Psychiatric conditions: Of the many psychiatric disorders, two are noteworthy, one not so surprising, the other one, more so. First, individuals with attention deficit hyperactivity disorder in general are at higher risk for addictions(Biederman et al., 1998). This is probably not surprising because these individuals are also often highly impulsive. However, this increased risk is reduced if these individuals are properly treated - even if it is with prescription stimulants(Wilens et al., 2003). Second, people with anxiety problems irrespective of the type (whether it is panic, social anxiety or post-traumatic stress disorder) are at increased risk for also developing addictions(Sareen et al., 2006). This may be due to the fact that these individuals use substances to reduce their anxious experiences.
So what can you do? Look at yourself, your family background, your own behavior and your previous experience. Do you get hooked on something easily? Are you impulsive? Do you like to be in a highly stimulating environment? Are you anxious? These are simple questions that may raise or lower your concern about your own personal risk. There are many aspects, though, that are not covered here and that I hope to cover and clarify in future blogs, so stay tuned.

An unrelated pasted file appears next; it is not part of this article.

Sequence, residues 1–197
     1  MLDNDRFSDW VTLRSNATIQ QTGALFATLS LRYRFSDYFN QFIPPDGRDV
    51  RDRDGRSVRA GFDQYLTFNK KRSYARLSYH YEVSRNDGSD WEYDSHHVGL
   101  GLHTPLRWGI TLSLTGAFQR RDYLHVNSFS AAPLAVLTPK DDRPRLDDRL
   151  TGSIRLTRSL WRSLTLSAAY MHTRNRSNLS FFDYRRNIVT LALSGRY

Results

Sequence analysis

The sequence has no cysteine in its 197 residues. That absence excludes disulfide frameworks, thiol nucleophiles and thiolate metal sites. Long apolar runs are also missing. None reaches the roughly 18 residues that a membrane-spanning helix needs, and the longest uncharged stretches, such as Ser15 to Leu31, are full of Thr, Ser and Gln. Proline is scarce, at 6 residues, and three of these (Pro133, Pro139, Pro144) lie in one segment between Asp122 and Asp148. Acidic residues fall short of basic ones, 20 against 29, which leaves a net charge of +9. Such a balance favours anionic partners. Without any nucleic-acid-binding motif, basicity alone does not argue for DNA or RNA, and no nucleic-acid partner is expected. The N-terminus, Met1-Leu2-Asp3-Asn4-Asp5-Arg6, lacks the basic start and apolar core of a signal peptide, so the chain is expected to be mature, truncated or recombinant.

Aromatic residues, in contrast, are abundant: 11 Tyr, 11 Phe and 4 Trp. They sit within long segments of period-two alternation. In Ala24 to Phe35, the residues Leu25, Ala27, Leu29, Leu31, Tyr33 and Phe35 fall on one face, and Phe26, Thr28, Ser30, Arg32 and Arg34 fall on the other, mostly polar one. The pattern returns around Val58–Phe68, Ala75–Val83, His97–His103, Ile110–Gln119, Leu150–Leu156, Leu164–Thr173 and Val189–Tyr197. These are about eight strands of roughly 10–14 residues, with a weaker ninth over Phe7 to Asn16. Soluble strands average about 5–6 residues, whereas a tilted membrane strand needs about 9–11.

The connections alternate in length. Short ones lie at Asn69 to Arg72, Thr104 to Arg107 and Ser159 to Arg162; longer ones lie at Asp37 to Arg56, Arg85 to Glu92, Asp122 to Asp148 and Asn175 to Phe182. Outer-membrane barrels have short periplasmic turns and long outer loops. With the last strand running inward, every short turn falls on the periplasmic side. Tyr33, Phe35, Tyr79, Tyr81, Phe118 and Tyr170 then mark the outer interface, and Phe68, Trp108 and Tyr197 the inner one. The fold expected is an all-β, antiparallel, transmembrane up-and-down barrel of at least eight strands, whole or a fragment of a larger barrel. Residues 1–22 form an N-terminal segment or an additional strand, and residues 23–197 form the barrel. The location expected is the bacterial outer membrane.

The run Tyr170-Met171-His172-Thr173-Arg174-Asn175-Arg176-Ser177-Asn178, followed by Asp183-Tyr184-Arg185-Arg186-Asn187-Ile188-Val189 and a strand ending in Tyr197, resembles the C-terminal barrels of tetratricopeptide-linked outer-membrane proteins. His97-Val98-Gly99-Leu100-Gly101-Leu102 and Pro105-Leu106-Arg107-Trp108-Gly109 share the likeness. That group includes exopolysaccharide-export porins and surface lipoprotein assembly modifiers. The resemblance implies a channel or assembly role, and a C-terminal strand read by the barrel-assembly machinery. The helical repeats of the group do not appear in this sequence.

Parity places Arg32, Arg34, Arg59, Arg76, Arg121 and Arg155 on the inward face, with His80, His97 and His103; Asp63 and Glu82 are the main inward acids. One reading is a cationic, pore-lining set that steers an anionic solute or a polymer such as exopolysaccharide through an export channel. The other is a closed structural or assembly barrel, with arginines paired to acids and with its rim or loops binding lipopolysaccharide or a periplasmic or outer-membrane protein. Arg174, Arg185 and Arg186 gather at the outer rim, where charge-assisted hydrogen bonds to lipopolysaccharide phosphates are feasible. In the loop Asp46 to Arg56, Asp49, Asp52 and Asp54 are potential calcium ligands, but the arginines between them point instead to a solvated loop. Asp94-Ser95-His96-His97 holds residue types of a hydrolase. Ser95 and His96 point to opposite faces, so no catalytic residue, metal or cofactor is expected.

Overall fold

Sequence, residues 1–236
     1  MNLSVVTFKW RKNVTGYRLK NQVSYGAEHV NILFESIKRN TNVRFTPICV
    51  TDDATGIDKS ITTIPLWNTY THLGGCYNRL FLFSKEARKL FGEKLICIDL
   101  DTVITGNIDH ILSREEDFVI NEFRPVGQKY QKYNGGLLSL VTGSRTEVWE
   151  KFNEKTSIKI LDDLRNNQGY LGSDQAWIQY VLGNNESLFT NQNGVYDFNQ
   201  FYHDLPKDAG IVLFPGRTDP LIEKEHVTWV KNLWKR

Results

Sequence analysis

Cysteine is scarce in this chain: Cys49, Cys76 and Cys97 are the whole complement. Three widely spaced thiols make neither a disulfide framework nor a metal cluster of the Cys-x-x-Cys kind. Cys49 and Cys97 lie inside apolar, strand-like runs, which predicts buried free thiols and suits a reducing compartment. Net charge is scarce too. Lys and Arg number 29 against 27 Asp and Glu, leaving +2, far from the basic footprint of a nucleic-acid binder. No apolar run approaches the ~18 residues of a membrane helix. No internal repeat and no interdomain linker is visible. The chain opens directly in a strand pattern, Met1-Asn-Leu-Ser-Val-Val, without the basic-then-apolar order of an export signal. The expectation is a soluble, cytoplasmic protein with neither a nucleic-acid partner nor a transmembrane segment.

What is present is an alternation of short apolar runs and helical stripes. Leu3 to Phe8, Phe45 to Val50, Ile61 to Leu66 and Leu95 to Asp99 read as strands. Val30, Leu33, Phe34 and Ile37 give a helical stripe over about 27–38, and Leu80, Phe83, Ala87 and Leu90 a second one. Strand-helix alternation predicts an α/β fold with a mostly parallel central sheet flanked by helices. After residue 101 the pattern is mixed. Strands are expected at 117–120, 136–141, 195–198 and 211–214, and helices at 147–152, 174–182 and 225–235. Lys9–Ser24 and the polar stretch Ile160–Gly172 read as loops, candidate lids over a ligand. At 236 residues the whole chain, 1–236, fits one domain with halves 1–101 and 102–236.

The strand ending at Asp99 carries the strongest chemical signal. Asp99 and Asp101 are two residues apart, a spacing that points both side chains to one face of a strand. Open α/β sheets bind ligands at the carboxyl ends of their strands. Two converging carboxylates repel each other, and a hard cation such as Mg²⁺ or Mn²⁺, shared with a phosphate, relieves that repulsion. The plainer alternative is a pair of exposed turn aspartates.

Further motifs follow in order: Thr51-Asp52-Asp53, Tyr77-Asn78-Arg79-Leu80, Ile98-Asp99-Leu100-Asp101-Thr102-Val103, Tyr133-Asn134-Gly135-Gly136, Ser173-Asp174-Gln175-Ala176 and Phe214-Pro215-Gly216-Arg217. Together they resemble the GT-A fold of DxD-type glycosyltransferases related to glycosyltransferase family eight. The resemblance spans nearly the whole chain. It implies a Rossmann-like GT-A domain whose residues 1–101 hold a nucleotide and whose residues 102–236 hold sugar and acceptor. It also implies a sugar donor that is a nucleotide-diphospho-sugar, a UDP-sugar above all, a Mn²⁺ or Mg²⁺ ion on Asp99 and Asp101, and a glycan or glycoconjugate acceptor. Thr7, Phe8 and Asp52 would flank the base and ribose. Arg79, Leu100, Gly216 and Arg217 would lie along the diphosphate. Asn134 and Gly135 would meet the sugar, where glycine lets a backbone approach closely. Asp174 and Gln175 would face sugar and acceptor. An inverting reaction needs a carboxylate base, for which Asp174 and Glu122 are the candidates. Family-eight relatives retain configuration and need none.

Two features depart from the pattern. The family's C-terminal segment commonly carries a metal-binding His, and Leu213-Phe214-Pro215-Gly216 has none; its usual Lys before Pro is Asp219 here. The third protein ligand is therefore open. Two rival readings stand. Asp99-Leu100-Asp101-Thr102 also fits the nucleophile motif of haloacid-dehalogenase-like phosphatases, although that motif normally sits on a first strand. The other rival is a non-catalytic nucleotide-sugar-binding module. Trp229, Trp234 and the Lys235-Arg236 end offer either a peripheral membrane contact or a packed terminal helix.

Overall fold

For more info:
Biederman J, Wilens TE, Mick E, Faraone SV,and Spencer T (1998): Does attention-deficit hyperactivity disorder impact the developmental course of drug and alcohol abuse and dependence? Biol.Psychiatry 44: 269-273
Kelly TH, Robbins G, Martin CA, Fillmore MT, Lane SD, Harrington NG,and Rush CR (2006): Individual differences in drug abuse vulnerability: d-amphetamine and sensation-seeking status. Psychopharmacology (Berl) 189: 17-25
Kendler KS, Davis CG,and Kessler RC (1997): The familial aggregation of common psychiatric and substance use disorders in the National Comorbidity Survey: a family history study. Br.J.Psychiatry 170: 541-548
Kendler KS, Jacobson KC, Prescott CA,and Neale MC (2003): Specificity of genetic and environmental risk factors for use and abuse/dependence of cannabis, cocaine, hallucinogens, sedatives, stimulants, and opiates in male twins. Am.J Psychiatry 160: 687-695
Kessler RC, Crum RM, Warner LA, Nelson CB, Schulenberg J,and Anthony JC (1997): Lifetime co-occurrence of DSM-III-R alcohol abuse and dependence with other psychiatric disorders in the National Comorbidity Survey. Arch.Gen.Psychiatry 54: 313-321
Ryb GE, Dischinger PC, Kufera JA,and Read KM (2006): Risk perception and impulsivity: association with risky behaviors and substance abuse disorders. Accid.Anal.Prev. 38: 567-573
Sareen J, Chartier M, Paulus MP,and Stein MB (2006): Illicit drug use and anxiety disorders: Findings from two community surveys. Psychiatry Res. 142: 11-17
Verdejo-Garcia A, Bechara A, Recknor EC,and Perez-Garcia M (2007): Negative emotion-driven impulsivity predicts substance dependence problems. Drug Alcohol Depend. 91: 213-219
Wilens TE, Faraone SV, Biederman J,and Gunawardene S (2003): Does stimulant therapy of attention-deficit/hyperactivity disorder beget later substance abuse? A meta-analytic review of the literature. Pediatrics 111: 179-185